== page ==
The key to control the Ulva green tides is to identify the causal species accurately, which is important to prevent the occurrence of bloom. Several studies have demonstrated that the U. prolifera on bamboos, nets and ropes of aquaculture infrastructure were the seed source to green tides in the Yellow Sea (Liu et al., 2013, Zhang et al., 2017). As there were four major species of U. linza, U. compressa, U. flexuosa and U. prolifera been identified in Neopyropia cultivation area (Zhang et al., 2011), it is difficult to morphologically discriminate each another in the young germlings. Thus, the early interference by recognizing the U. prolifera specifically will increase the efficiency of controlling green tides blooms.
In this study, a novel marker was developed from cp genome for phylogenetically discriminating of Ulva species in a high-resolution manner. Specifically, comparing with tradition markers, c15 could precisely resolve the species relationships of U. linza and U. prolifera in LPP complex (Fig. 5b). Although the nuclear marker 5S rDNA were applied to distinct the species in LPP complex (Shimada et al., 2008, 2016), the specificity of this marker was doubted as incomplete concerted evolution (Liu et al., 2020). Moreover, the new c15 marker could be used for other frequently distributed Ulva species, indicating its potential to work as universal barcode to investigate the cryptic biodiversity of this taxa.
The identification of closely related species by molecular method was challengeable as the events of hybridization and gene flow between species occur frequently. As a result, different strategies are selected to solve problematic genera when resolution is desired. In most cases, the molecular markers developed from organelle genomes are uniparental inherited and single copy, providing resolution up to inter or intra-species levels (Lahaye et al., 2008; Matiz-Ceron et al., 2022). For example, the markers of atpF-atpH and trnH-psbA can simultaneously discriminate all the 46 representative medicinal plant species of 28 families (Thakur et al., 2019). However, given the different evolutionary pattern and reproductive mode between land plant and Ulva species, whether the cp genome of Ulva was inherited uniparentally need to be investigated.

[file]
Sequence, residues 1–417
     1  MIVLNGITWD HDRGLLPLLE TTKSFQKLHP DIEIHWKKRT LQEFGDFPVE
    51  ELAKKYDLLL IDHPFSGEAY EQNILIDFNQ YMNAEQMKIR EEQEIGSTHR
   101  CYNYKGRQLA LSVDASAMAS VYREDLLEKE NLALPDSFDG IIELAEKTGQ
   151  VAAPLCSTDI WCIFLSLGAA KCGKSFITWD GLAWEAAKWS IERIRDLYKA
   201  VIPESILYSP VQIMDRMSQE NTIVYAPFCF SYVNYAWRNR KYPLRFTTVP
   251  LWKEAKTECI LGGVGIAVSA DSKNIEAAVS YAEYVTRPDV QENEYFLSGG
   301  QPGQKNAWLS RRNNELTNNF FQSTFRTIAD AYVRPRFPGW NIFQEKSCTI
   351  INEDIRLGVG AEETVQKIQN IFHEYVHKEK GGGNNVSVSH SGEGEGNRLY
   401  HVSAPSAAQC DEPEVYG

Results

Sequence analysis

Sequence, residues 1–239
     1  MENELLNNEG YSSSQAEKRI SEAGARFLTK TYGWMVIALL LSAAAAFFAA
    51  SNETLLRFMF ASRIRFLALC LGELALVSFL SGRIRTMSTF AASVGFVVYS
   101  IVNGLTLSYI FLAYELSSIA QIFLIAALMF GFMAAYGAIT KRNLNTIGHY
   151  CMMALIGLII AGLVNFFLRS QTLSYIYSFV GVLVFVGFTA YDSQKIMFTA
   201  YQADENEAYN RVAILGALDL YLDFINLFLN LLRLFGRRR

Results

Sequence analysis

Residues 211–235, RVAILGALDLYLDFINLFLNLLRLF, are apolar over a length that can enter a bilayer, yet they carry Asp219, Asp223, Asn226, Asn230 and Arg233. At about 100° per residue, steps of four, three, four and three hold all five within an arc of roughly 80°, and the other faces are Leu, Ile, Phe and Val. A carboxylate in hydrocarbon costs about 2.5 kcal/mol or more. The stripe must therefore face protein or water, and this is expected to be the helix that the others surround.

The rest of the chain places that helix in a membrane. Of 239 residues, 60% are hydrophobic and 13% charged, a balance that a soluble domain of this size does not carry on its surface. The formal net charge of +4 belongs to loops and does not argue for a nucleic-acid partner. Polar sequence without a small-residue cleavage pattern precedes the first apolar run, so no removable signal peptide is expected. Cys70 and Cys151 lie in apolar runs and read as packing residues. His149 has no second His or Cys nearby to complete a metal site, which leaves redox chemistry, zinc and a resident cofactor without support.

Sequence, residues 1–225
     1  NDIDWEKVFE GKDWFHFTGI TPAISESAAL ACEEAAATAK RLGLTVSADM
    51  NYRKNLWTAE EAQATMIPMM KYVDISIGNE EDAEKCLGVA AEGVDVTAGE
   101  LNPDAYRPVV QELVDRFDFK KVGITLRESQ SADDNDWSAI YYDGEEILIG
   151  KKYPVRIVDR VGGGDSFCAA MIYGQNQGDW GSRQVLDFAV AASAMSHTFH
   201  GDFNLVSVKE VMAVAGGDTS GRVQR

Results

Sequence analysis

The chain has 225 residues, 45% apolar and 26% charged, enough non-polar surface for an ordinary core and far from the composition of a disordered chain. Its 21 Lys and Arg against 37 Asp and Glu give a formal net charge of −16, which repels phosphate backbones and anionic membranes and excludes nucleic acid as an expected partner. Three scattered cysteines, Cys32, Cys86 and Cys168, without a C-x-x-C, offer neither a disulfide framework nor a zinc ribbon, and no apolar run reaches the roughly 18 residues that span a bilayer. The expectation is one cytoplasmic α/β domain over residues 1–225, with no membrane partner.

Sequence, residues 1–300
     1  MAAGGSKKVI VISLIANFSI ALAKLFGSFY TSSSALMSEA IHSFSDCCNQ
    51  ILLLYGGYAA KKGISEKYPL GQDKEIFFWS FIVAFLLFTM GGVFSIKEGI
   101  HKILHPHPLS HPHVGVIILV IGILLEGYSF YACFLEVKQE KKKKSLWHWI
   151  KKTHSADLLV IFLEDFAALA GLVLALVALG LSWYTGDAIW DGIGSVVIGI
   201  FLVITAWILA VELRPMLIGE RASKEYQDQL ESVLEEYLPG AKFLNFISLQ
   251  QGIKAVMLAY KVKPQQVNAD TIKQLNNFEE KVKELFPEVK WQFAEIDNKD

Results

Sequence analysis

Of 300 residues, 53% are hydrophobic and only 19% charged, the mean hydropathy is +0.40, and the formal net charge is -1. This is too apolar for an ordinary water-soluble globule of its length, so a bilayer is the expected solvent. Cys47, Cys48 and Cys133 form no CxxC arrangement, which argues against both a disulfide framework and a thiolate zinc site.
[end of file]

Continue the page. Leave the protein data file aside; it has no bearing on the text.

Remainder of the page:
In our analysis, the interspecific relationships were not completely identical between ITS and c15 phylogenies. The reasons for this inconsistent could be the different evolutionary rate and patterns of distinct markers (Wang et al., 2017). As both ITS and c15 are from no-coding intergenic region, it is suitable to identify taxa but not analyze phylogenetic relationships. Therefore, emerging phylogenomic analysis combining protein-coding markers could expected to better understanding the phylogenetic relationships for Ulva species. Besides, the intraspecific diversification in Ulva species were not well-solved, which need novel markers been developed.5 CONCLUSION
In this study, by investigating the intergenic regions of chloroplast (cp) genome, a novel marker of c15 (based on ycf3-rps7 region) were reliable for discrimination of Ulva species. Notably, the resolution of c15 was suitable for resolve the closely related species of U. linza and U. prolifera, which may provide tools for deciphering the blooming mechanisms of green tides.6 DATA AVAILABILITY STATEMENT
The datasets generated during and/or analyzed during the current study are available from the corresponding author on reasonable request.